The paperbark maple (Acer griseum) provides colour and texture through its display of deep red-brown bark. Chinese elm bark is also richly beautiful in colour and texture.


Paperbark maple
Ruby red rose hips linger and provide a lovely counterpoint to delicate frosting as the earth chills.

Rose hips
There are some lovely fragrant winter-flowering plants. Often the flowers are insignificant- I suppose the fragrance attracts enough attention. The tiny flowers of winter boxes (Sarcococca species), hidden among the glossy evergreen foliage, are richly perfumed.

Wintersweet (Chimonanthus praecox) is another forgettable looking shrub, but in June its small, beeswax-coloured flowers, give off a delightful fragrance. I’ve had a small wintersweet in my garden for a few years, and I’m eagerly awaiting first flowers, which, I’ve recently learned, may be a few years off yet.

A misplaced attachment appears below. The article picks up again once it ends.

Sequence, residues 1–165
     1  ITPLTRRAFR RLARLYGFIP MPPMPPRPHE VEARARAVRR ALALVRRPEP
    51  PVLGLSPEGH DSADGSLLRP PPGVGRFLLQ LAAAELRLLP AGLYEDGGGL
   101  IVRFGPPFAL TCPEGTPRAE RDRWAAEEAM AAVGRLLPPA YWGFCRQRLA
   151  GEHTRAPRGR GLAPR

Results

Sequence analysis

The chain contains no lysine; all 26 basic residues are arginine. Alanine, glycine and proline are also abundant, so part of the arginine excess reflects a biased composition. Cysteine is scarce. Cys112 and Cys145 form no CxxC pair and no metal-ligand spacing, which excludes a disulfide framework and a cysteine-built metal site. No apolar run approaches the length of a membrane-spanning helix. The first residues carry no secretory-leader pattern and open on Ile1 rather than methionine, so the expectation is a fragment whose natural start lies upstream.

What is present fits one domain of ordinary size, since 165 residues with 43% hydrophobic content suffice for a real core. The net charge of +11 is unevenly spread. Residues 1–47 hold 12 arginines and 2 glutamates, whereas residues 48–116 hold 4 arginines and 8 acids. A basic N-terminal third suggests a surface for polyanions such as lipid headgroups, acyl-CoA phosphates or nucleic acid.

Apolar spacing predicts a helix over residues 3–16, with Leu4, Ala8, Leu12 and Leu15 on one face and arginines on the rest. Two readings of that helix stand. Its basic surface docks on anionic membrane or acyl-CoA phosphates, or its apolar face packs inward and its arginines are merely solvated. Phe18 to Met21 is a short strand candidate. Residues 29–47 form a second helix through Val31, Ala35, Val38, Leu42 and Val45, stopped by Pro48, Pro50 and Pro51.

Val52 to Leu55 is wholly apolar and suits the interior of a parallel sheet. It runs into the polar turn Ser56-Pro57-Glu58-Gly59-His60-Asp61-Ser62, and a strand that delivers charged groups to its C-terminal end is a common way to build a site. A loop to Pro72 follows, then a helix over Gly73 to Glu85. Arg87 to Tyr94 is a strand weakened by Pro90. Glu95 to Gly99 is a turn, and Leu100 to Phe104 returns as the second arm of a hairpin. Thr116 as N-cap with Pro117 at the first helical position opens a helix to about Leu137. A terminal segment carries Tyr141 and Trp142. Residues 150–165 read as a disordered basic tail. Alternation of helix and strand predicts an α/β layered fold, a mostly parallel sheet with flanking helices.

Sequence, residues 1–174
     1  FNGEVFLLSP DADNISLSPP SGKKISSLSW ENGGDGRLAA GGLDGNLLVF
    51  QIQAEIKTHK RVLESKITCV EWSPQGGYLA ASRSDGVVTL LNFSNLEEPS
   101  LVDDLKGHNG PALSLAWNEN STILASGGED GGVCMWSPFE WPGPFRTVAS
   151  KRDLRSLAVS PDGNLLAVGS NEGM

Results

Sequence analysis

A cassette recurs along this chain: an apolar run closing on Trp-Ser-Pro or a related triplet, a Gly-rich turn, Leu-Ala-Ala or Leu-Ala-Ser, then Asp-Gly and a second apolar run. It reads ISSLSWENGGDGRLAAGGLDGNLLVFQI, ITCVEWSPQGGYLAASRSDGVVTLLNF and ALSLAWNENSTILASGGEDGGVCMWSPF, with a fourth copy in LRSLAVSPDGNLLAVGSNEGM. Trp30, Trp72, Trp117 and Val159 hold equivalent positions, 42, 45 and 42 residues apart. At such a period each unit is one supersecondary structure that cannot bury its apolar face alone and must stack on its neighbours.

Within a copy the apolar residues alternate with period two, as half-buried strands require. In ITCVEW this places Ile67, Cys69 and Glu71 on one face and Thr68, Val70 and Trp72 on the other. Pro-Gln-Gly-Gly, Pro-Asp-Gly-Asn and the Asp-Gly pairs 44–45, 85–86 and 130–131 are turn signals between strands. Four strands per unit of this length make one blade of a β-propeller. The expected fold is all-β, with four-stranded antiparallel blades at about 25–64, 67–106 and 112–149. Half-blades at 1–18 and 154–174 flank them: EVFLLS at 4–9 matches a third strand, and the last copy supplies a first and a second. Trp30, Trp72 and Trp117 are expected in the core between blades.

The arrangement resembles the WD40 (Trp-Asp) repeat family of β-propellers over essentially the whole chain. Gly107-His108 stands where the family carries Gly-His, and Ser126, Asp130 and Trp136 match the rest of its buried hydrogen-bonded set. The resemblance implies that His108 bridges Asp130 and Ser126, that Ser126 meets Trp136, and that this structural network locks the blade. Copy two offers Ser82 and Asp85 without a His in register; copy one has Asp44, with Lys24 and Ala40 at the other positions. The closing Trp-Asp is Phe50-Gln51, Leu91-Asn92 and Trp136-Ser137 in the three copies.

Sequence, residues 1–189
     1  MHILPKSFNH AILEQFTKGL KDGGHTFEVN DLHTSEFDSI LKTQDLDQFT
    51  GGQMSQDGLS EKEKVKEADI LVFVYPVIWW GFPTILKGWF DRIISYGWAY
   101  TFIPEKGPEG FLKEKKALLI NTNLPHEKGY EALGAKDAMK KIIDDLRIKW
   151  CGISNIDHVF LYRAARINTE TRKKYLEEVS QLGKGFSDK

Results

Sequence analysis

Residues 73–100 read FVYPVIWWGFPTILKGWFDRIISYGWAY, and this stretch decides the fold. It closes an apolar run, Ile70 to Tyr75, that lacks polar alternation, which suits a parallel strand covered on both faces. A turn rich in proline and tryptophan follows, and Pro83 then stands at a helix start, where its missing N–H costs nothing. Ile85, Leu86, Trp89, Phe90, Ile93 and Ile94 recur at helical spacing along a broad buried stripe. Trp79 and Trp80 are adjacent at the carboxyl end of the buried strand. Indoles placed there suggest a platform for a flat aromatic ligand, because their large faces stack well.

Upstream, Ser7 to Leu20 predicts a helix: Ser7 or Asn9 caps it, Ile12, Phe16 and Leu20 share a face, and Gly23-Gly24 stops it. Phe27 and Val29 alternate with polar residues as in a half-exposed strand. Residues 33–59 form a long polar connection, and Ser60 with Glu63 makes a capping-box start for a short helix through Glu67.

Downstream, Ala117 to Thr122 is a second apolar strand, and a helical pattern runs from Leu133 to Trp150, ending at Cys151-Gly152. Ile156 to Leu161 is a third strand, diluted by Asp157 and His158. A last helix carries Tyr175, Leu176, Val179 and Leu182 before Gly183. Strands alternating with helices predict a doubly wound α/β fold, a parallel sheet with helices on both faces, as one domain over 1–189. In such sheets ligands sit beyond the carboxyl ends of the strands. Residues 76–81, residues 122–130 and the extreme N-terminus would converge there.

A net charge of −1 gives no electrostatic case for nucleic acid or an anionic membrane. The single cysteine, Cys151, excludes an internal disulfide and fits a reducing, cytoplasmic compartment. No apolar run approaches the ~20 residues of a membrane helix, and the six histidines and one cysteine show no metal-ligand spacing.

Wintersweet flowers and bud

Bulbs begin to emerge from the mulch of grey, weathered autumn leaves, from the winter solstice (21st June) onwards. Galanthus and Eranthis, pictured below, are lovely.


Then come the hellebores, the “winter roses”, my favourite jewels in my winter garden.

Some of my hellebores
Not forgetting the veggie garden, this year I’ll experiment with planting winter crops in late summer, in the hope of picking a few fresh veggies in winter. I’ve heard that daikon, komatsuna, carrots and turnips are worth trying. Spinach and sprouting broccoli may last until midwinter. The brassicas will resume growth once the days begin to lengthen. My tomato beds will be slumbering under a green manure crop to prime the soil for a bumper crop of tomatoes next spring!